BRONXVILLE, NY — March 5, 2019 — As the Trustees and I embark, with assistance from professional planners, on a Comprehensive Plan for the Village, I have devoted considerable time researching what factors make a community sustainable and desired.
With but a few exceptions, the answers were predictable, but so worth reiterating as we go forward with our review of Bronxville. Very reassuringly, our Village already hits the mark on most of the desired characteristics.
All experts point to the need for planning and a vision for the future, because history has proven communities will grow either by choice or chance.
Someone no less august than Abraham Lincoln said, “The best way to predict the future is to create it yourself.”
In that vein, we are crafting a very specific questionnaire for Villagers, merchants, employees and even visitors to learn firsthand the desires and deficiencies in our Village.
As a first step, we are essentially inventorying our assets; human, natural, structural, business, focusing on what our community has, not what it is missing. All experts agree to accentuate the positive and build on uniqueness. To that end, my personal mantra has become to embrace small.
· A sense of public health and safety
· A quality public education choice
· Historic character
· High quality services
· Cultural amenities
· Attention to roads and infrastructure
· Unique architecture (cookie cutter concept of beauty has long faded since post World War II development)
· High quality senior services (More important than ever as the population ages)
· Public private partnerships, as opposed to everything done via government and taxation
· Enhancement, not adoption of a new identity by improving existing assets
· Education and incentives, not just regulation to effect change.
· Carefully chosen development
· Cooperation with neighboring communities for mutual benefit
· Attention to aesthetics
· Strong leaders and committed citizens to volunteer
As Mark Twain said, “We take stock of a city, like we take stock of a man. The clothes or appearance are the externals by which we judge.”
Beyond the brick and mortar and the landscape and architecture, what appears to be more important than ever are the intangibles – does the community I chose to live in have a heart and soul? Quality of life is paramount in 2019.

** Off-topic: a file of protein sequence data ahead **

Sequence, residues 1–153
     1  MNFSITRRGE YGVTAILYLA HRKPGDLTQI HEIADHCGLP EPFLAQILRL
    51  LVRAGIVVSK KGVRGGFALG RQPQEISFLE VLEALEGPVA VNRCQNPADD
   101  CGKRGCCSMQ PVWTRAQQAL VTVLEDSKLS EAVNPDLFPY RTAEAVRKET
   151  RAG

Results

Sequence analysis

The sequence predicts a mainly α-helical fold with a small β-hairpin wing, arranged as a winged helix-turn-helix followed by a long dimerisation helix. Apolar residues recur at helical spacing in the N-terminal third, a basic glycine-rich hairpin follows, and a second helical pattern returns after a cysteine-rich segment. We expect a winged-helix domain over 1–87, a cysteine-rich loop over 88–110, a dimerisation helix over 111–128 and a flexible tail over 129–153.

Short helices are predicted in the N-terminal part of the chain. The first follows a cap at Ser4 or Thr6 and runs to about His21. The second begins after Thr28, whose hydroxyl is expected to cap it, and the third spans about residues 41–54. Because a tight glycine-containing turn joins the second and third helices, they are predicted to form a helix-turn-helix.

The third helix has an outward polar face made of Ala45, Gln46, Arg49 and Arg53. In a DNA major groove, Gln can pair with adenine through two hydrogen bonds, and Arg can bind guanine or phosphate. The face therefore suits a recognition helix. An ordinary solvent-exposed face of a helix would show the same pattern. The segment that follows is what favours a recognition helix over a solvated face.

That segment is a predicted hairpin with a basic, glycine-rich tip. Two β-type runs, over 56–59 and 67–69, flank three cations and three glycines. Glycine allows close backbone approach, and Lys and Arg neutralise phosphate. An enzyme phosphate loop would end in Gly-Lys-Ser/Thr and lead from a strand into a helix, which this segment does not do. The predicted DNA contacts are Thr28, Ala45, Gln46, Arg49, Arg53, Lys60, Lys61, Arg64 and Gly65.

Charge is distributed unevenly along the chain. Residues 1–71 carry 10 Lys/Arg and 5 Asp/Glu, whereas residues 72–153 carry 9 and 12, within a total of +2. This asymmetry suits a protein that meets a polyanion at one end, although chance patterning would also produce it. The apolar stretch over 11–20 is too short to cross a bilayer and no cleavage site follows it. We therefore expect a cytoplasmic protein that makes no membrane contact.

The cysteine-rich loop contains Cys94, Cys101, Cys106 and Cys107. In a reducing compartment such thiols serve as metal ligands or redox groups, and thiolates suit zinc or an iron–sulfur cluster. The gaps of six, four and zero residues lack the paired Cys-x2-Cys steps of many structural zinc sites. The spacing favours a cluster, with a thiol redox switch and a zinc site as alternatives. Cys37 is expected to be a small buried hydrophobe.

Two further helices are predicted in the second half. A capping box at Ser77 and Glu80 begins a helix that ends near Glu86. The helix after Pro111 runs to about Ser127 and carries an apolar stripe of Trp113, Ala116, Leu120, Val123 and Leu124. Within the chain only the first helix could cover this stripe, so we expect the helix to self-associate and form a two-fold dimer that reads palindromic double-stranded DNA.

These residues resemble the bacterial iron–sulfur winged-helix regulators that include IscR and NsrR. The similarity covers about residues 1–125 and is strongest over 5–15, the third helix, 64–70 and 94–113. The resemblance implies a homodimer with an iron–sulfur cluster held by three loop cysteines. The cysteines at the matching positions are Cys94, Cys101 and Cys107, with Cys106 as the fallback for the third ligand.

Residents, in essence, want to feel safe, supported, trusted and heard. People want traditional small town values, a sense of community and the ability to impact the institutions they care about.
Individuals interviewed who rated their hometowns A plus cited a warm welcoming openness, open space in which to interact, local social gathering places, and a culture of caring for each other be it house watching, occasional child care help or assistance when a tragedy strikes.
It is well documented that connection with people has a significant impact on happiness and even longevity – depression and heart disease decrease and lifespan increases.
Having a walking community adds to the opportunity for conversation, interaction and meeting new people and added cross generational contacts. The days of car to highway to jobs and errands as a desirable lifestyle appears over.
So resonating for me is the desire for most Americans surveyed to live in a community that is accepting of different views – be they sexual, religious or political.
Our questionnaire will focus on asking you as Villagers what you value most in our community so we go forward enhancing and preserving those qualities desired by residents with a true blueprint for action.
# # #
Mary C. Marvin is the mayor of the Village of Bronxville, New York. Share your thoughts by directing email to firstname.lastname@example.org